I said, with a glass of wine….

He straightened up again, this time with joy, well yes of course. We have the place for it at our house, an old place, space for books. The shelves are all bending. Her stuff. He looked at her with an expression of acute happiness.

She presented her Margaret Atwoods and nodded, nursing that private power that comes with Margaret Atwood and husbands like him, and said, it’s winter, time to stay in.

They bobbed back out into the weather, serene, parting the winter into two fields with their own bright path right through the centre of it.

 

Old House in Stepney, Adelaide (photography by me)

 

 

The Queen

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There’s a family at the front window of the shop. The child, a granddaughter, presses her nose to the glass, breathing fog. There’s a grandpa who does not want to come in.

There’s a grandma who does. She opens the door part way and says, are these new books do you think? He says, yes, meaning, so let’s not go in.

But she creaks the door a little further. He looms up unhappily behind.

You’ve got enough.

But Grandma indicates their grandchild. I mean for her.

He subsides. The grandchild (the Queen) squeezes between them, through the stone pillars of the family, through the gap, and passes regally into the shop. She asks me for Cat Royal. She is up to volume seventeen. But I only have volumes four and eleven.

Grandpa looks relieved. Let’s go then.

But the Queen has found Goodnight Mr Tom. She won’t budge for now. She repeats the title in a sing song (they have read this at school). She thinks she might read it to Grandpa, because it is about a Grandpa. He is standing near the door but she commands him toward the cane chair next to Gardening. He breathes out, longing for a coffee and one of those cream buns next door, and accustomed to his way. But the Queen slices his power into cubes and leaves them kindly on the floor. She will read and he must listen. He takes the cane chair, organises his enormous outdoor boots out of the way. The book is only some three hundred pages and will not take long. Grandma, in Art, looks at them and turns back to Hans Heysen.  Their granddaughter chooses Mr Tom and Grandpa, stiff with sitting, thanks me kindly, thank you very much, they all read except me, and then they all leave for the bakery, coffee and big cream buns.

 

You’re a liability.

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My husband and I had to make a will.

This is something we had intended to do for years. I gave the details of my shop (proudly). I thought the lawyer would list it as an obvious asset. But he didn’t. He described it as a liability and I had to correct him, the idiot.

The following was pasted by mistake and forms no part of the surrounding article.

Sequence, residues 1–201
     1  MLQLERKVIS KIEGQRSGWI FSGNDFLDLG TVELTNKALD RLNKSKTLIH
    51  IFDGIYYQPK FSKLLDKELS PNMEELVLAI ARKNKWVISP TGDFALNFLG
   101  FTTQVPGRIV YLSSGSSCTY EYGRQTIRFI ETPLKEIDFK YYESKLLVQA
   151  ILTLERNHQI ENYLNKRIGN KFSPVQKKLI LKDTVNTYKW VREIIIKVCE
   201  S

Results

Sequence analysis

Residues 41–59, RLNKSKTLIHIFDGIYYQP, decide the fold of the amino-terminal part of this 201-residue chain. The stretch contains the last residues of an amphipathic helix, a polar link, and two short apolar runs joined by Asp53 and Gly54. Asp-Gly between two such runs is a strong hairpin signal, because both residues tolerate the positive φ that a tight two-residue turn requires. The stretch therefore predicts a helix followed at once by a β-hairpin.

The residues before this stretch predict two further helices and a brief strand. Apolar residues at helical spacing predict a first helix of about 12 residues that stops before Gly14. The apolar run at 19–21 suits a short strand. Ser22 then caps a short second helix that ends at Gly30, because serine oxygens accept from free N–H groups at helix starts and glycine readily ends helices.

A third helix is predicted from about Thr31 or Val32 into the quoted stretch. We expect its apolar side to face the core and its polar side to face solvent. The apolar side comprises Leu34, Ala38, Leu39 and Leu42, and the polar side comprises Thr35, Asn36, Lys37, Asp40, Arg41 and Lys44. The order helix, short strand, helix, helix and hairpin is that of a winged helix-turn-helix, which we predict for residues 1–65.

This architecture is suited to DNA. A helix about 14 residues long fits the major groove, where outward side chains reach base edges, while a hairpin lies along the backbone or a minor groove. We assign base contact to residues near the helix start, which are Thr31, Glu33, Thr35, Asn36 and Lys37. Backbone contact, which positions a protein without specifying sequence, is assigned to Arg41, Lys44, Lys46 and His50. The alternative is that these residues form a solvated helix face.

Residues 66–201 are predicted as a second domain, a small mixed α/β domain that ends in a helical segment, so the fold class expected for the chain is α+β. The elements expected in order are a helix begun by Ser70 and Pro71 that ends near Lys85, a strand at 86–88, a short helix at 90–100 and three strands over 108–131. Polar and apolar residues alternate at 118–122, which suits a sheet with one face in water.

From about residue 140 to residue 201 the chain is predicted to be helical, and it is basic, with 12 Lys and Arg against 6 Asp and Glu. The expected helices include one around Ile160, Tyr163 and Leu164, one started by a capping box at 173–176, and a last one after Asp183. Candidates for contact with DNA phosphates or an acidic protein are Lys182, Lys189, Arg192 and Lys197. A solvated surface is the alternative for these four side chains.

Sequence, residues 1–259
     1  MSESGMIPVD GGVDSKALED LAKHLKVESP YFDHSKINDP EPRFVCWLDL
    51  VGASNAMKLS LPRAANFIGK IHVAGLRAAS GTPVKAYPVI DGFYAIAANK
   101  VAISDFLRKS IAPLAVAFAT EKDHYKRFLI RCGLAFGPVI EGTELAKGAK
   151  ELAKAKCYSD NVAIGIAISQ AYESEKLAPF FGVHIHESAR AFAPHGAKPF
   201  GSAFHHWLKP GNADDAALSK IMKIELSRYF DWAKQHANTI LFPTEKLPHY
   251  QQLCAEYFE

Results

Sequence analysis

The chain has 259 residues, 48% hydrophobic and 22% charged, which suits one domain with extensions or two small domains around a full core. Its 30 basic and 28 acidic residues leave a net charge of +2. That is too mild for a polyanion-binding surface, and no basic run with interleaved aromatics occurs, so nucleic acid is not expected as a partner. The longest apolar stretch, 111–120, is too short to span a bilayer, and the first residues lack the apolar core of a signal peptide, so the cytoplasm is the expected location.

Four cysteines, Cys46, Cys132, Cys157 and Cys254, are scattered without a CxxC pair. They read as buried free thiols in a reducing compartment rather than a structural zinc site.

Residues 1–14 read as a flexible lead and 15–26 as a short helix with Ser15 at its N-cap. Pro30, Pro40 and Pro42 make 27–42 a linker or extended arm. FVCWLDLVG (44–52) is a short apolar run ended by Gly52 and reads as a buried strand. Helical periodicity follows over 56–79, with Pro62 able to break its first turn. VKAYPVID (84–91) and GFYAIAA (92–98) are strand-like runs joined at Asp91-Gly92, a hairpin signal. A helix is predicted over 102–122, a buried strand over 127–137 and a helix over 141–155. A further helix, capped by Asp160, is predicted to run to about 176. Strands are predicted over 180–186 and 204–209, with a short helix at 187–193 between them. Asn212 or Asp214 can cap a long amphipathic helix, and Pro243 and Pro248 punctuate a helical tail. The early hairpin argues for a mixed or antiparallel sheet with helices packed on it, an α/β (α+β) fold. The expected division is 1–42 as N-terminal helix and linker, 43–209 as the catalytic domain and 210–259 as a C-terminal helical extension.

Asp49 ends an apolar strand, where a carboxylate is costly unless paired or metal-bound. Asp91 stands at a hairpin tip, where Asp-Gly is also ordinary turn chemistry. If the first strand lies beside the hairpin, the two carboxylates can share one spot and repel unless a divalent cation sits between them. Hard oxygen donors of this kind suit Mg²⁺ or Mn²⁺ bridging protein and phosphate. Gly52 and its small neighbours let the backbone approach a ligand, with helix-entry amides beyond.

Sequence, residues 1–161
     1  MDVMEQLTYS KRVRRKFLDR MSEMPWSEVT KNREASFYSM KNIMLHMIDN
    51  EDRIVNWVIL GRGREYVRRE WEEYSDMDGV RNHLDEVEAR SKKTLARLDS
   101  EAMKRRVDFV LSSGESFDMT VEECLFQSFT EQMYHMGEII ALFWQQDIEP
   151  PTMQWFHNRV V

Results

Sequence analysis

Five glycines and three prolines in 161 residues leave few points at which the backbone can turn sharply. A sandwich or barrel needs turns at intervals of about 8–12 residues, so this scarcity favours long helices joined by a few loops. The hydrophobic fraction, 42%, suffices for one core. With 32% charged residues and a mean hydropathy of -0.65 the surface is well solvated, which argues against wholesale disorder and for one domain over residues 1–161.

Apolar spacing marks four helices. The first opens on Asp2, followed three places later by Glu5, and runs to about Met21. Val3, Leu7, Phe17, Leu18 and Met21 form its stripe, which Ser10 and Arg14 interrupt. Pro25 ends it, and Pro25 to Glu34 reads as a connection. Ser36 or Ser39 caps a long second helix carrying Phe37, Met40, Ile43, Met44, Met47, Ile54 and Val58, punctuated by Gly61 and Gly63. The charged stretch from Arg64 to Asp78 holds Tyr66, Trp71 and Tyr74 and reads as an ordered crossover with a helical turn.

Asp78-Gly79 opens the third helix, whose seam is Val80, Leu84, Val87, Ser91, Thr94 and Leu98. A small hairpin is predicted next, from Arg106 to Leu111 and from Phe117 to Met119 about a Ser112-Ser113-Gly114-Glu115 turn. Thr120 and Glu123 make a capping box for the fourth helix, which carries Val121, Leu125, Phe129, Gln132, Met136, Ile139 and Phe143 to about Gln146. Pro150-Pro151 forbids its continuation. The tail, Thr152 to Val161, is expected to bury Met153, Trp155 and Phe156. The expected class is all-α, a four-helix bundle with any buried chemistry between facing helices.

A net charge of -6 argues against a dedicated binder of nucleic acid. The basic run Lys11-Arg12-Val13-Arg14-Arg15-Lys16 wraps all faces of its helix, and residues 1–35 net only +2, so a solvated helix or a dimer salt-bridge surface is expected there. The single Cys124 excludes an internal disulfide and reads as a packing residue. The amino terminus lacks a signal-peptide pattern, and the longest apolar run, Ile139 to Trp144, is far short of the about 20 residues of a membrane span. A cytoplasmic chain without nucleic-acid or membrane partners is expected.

But he said (kindly) that my shop is not an asset, that as it made no profit and the outstanding lease was probably worth more than the stock and plant, it was a liability. He said it was worthless (kindly).

This means to gift or will my shop to anybody else places that person at a disadvantage. This means best not include it in a will.

I thought, well, my shop is definitely an asset for my landlord. The asset just landed in the wrong place. And, when I was teaching and wanted to do a bookshop, and kept putting it off, it became a liability NOT to do it. And a town without a bookshop has a liability.

One definition of liability is: a thing whose presence or behaviour is likely to put one at a disadvantage. But Strathalbyn has two bookshops, me and Jeff’s Books, both of which give the town an advantage (I read this on Facebook so it must be true).

This makes both of us ASSETS. This means I am an asset in the wrong place (ie behind the counter), no salary, no superannuation, no holidays, no sick pay, work for nothing and there’s never been a day in 8 years when I can’t wait to get there and be a liability.

I win.

Artwork by Masahiro Sawada

 

 

 

Alone

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This morning, when I am unlocking the door of the shop and balancing books and tasks, there are three friends waiting there, leaning, waiting for another friend who is at the bakery. They wear school uniforms but not of the local school. They are all watching their phones. The missing friend arrives while I am setting up, he carries a guitar case. One of the boys says to him: are you playing tonight? And he answers, yes, but not basketball. The other boy leans backwards and angles his phone as though to take a picture of such folly. He says, you are man! You have to play. The boy with the guitar says, I am, but not basketball. Playing this, by myself.

Artwork by Pascal Campion

The Bookshelves